RM: The blind men parable shows that the S-R, reinforcement and cognitive views of behavior can be “integrated” to see that behavior is actually a control phenomenon. The “integrating concept” that has allowed psychologists to see behavior in these three ways is the controlled variable. The point of the parable is that the S-R, reinforcement and cognitive views of behavior have endured because behavior looks like S-R, reinforced output or cognitively planned output when one fails to notice the existence of controlled variables. Once one understands the “fact of control” – and behavior is correctly seen as a control phenomenon – then the S-R, reinforcement and cognitive views of behavior can be abandoned in favor of the control view.

I’m actually referring to the parable, which has broader import than it is granted in your paper (as well as precedence). In the parable, the blind men are limited as to the perceptual inputs for their perception of the elephant, but those perceptions are not wrong, and they are consistent with a comprehensive perception of the elephant in which the perceptions of each are inputs. Although the parable as usually told does not emphasize it, we may assume that e.g. the one supposing that he holds a serpent is imagining features that are not part of the elephant, such as scaly skin and a head with a forked tongue. Those imagined perceptions are wrong, and there we get closer to the intention of your paper, which is quite different from my intention in this review note.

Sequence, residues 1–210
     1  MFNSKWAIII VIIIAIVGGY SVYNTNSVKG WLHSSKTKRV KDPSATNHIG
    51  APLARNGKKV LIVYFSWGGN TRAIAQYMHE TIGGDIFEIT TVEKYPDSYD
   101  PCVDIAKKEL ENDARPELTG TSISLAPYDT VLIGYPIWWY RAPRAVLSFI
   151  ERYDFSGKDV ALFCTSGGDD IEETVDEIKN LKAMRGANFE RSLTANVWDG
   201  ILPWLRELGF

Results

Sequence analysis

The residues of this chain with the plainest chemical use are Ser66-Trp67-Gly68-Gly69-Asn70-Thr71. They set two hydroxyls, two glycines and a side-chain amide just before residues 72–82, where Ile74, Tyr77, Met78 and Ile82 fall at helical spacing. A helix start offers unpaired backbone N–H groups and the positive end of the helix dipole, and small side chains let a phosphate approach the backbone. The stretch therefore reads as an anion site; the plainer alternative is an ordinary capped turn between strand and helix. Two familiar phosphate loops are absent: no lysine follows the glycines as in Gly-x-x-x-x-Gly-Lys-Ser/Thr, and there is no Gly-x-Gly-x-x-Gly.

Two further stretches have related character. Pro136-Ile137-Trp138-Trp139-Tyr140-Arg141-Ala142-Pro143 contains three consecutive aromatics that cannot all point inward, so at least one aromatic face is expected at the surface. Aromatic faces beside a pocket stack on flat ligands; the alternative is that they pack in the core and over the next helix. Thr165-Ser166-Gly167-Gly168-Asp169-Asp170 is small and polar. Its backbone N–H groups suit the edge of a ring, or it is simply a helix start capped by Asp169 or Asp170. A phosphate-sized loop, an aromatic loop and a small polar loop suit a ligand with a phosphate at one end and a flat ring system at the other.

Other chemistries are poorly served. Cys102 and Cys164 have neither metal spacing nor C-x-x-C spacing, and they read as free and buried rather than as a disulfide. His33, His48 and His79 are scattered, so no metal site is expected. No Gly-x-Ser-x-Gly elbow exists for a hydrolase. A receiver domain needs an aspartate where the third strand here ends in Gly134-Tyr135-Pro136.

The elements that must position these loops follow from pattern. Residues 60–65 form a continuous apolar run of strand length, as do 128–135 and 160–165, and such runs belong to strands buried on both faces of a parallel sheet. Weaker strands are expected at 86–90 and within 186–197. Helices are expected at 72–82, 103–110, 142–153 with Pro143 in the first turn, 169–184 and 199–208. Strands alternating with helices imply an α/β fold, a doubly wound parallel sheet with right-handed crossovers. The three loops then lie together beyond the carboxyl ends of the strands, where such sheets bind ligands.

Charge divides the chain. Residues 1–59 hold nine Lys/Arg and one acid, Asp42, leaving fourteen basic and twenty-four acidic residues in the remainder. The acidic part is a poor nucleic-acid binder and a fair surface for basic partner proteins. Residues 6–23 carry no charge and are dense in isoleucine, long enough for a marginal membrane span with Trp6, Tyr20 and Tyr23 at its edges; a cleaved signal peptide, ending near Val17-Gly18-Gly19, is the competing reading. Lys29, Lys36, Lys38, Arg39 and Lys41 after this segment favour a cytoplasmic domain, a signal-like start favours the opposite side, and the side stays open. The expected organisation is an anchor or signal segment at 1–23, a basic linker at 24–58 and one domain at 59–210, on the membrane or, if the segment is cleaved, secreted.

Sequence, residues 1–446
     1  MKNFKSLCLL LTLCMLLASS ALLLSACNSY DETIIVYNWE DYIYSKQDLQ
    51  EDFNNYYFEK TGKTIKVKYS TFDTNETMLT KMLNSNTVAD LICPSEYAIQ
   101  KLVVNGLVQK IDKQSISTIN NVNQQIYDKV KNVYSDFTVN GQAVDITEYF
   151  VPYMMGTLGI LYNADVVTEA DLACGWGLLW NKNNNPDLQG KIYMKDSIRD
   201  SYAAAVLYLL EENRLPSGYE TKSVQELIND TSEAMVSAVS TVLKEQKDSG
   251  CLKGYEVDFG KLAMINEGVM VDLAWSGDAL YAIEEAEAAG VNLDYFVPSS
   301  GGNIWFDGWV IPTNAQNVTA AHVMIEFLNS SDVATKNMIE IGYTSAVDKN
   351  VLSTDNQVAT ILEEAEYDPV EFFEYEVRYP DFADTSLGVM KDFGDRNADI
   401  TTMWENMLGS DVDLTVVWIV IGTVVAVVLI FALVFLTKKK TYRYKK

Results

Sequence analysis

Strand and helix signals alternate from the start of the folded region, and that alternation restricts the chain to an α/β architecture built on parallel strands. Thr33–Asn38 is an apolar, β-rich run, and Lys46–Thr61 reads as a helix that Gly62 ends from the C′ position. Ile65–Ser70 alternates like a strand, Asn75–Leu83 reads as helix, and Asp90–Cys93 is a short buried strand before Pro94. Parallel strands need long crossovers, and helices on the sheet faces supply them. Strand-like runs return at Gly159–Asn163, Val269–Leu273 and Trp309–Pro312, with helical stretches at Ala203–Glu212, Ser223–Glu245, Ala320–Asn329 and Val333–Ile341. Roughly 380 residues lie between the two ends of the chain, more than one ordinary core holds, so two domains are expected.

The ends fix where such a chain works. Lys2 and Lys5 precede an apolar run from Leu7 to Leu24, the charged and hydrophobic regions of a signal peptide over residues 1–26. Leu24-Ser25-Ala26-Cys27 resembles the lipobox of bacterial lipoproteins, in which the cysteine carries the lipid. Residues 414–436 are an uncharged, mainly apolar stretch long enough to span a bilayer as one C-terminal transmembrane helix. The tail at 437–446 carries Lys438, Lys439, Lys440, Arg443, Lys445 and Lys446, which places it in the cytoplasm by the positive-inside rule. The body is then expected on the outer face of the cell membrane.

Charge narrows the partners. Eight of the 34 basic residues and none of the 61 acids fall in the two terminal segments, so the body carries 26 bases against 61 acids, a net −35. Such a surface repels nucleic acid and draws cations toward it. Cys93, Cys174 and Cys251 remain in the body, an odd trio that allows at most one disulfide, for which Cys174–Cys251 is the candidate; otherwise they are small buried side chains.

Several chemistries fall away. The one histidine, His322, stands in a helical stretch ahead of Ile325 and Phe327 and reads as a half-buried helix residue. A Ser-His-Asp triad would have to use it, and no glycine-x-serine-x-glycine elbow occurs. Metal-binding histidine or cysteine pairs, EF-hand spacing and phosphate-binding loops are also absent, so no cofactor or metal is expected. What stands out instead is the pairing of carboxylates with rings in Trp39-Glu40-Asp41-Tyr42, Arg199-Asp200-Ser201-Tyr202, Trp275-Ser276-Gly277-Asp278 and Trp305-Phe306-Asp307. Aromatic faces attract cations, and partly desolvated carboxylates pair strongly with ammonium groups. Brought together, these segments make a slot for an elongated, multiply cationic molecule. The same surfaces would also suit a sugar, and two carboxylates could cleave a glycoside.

Hi Bruce

BN: I’m actually referring to the parable, which has broader import than it is granted in your paper (as well as precedence). In the parable, the blind men are limited as to the perceptual inputs for their perception of the elephant, but those perceptions are not wrong, and they are consistent with a comprehensive perception of the elephant in which the perceptions of each are inputs.